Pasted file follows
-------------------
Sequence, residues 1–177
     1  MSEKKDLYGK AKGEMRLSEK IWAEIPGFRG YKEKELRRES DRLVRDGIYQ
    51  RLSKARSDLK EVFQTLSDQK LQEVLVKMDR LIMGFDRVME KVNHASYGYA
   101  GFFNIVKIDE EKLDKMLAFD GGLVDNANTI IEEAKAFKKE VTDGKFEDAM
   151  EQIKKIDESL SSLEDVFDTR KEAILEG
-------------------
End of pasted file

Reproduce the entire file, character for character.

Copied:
Sequence, residues 1–177
     1  MSEKKDLYGK AKGEMRLSEK IWAEIPGFRG YKEKELRRES DRLVRDGIYQ
    51  RLSKARSDLK EVFQTLSDQK LQEVLVKMDR LIMGFDRVME KVNHASYGYA
   101  GFFNIVKIDE EKLDKMLAFD GGLVDNANTI IEEAKAFKKE VTDGKFEDAM
   151  EQIKKIDESL SSLEDVFDTR KEAILEG